What it's like
One of the oldest schools in England, it has been closely associated with the Dean and Chapter of Durham Cathedral for 450 years. It was re-endowed by Cardinal Langley in 1414 and re-founded in 1541 by Henry VIII. It has occupied its present site since 1844 and enjoys a magnificent position below the west towers of the cathedral. First-class facilities have been added over the years, including a new girls' day house, an all-weather sports pitch, ceramics room and enhanced ICT facilities. It is physically compact with playing fields nearby and it makes full use of the advantages of an ancient cathedral and university city. The prep department (Bow, Durham School) is half a mile away, also in a beautiful, compact location within sight of the cathedral. It is now fully co-educational: girls have been admitted to the sixth form since 1985 and throughout the school since 2006. The Anglican tradition prevails with regular services in the school chapel. A high standard of education is provided (staff:pupil ratio of about 1:10) and examination results are very good. The emphasis is on an all-round education, which encourages all pupils to achieve their full potential. The school is strong in music, drama and sport, with many players at county and national level.
Pupils & entrance
Pupils: Age range 3-18; 600 pupils, 490 day (343 boys, 147 girls), 110 boarding (70 boys, 40 girls). Prep department (Bow) 3-11, 127 pupils (88 boys, 39 girls). Senior department 11-18, 473 pupils (325 boys, 148 girls). Entrance: Main entry ages 3, 7, 11, 13 and 16. Own entrance exam used. For sixth-form entry, 5 GCSEs at least grade B (preferably grade A in sixth-form subjects). No special skills or religious requirements but school is C of E foundation.
Scholarships & bursaries
Scholarships awarded at age 7, 11, 13 and 16 (to the value of £1000 pa): academic, music, drama, art, design and technology, sport. Means-tested bursaries are also available.
Head & staff
Headmaster: E Martin George, in post from 2009. Educated at Durham School and Manchester University (politics & modern history). Previously Deputy Headmaster at The King’s School, Tynemouth. Teaching staff: 100 full time, 27 part time.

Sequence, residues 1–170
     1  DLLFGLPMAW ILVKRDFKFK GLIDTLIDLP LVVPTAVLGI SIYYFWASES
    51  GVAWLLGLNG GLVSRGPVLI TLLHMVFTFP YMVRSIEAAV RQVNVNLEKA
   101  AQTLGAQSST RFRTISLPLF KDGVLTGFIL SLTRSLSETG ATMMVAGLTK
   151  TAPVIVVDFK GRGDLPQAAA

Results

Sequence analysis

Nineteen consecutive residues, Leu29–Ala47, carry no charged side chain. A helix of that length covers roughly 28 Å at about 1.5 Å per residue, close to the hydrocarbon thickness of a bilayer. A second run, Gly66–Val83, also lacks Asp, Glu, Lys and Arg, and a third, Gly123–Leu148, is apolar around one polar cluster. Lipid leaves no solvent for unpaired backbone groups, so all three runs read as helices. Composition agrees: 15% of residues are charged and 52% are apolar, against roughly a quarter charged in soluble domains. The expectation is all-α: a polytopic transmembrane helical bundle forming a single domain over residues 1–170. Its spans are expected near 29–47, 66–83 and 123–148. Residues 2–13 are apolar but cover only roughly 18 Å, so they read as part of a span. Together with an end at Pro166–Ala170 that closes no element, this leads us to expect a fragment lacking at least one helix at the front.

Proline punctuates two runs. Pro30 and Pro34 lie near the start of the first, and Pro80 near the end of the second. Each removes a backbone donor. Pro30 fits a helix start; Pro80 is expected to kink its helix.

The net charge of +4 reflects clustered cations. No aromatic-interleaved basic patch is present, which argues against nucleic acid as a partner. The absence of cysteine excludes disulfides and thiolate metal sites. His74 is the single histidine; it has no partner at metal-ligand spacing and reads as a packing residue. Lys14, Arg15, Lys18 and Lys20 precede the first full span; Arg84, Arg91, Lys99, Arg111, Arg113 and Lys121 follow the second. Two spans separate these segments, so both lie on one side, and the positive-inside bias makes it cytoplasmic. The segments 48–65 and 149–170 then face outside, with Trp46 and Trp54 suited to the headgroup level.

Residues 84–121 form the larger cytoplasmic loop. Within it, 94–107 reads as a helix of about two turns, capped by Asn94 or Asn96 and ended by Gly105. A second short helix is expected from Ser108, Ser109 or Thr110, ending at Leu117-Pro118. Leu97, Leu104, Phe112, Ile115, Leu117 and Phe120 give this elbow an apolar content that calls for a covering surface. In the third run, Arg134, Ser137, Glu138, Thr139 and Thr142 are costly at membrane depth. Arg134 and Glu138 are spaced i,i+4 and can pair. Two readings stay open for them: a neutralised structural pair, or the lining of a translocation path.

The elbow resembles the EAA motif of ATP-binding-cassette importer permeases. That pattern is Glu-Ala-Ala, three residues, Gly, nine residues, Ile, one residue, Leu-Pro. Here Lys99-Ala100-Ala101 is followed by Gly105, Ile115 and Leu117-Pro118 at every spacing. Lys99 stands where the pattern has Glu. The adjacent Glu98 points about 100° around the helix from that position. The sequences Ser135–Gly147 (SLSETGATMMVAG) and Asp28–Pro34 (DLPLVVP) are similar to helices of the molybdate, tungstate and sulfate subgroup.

GCSE: 89 pupils in Year 11, 87% gaining at least grade C in 5+ subjects (58% of pupils included English, maths, a science, a humanity and a modern language). A-levels: 61 in upper sixth, 44% passing in 4+ subjects, 49% in 3 subjects - with an average final tariff score of 303.
Almost all sixth-form leavers go on to a degree course (5% after a gap year), 2% to Oxbridge. Students take courses in medicine, humanities and social sciences, teaching, agriculture, journalism, leisure management. A few typically go on to foundation art courses or work in family business.
GCSE, AS and A-levels. 26 AS/A-level subjects. Sixth form: Most sixth formers take 4 subjects at AS-level, 3 at A-level; in addition, some take AS and A-level general studies and the Extended Project Qualification. Special provision: Dyslexia and EFL teaching available. Languages: French, German and Spanish offered to GCSE, AS and A-level; also Italian and Chinese. Annual visit to France. ICT: Taught both as a discrete subject and across the curriculum. Computers for pupil use, all networked and with email and internet access.
Music: Over 30% of pupils learn a musical instrument; instrumental exams can be taken. Some 8 musical groups including orchestra, choral society, chapel choir, big band, concert band. National Chamber Music Competition finalists recently. Drama: Many pupils are involved in school productions and majority in house/other productions. 3 productions annually ranging from Shakespeare to musicals, often staged in school's own Luce Theatre. Art and design: On average, 40 take GCSE, 10 A-level in art and design or design technology.
Sports & activities
Some 10+ sport available including rugby, athletics, tennis, rowing, shooting, cross-country. GCSE and A-level PE may be taken. Many international representatives in recent years in rugby (12), cricket, cross-country, chess, fencing, rowing, hockey. Also bronze, silver and gold Duke of Edinburgh's Award; World Challenge expeditions; CCF (optional). Clubs include media, debating, chess, school newspaper, fitness and various academic societies.
Uniform: School uniform worn, except suits in sixth form. Houses and prefects: Competitive houses. Prefects (called monitors), head boy/girl, head of house appointed by the Headmaster through an application process. Religion: Church of England school. Social: Many organised trips abroad eg language trips to France, skiing trips, Word Challenge expeditions. Meals self-service. Uniform shop on site.
All sixth formers in single or double study bedrooms; others in rooms of 2+. Single-sex houses. Pupils can provide and cook own food. Occasional and weekly boarding available. Visits to local town allowed according to age.
Association of former pupils
is run by Rod Hepple-Wilson, President of the OD Society, Rod.firstname.lastname@example.org, 07785 556329 or c/o the school.
Granville Sharp (involved in the abolition of the American slave trade); Sir Peter Vardy (chairman of the Vardy Group plc); Mike Weston, Michael Stephenson (rugby players); Charles Spedding (Olympic athlete); Alexander Armstrong (actor); Jamie Atkinson (show jumper); William Todd (composer); Sir John Laws (Law Lord).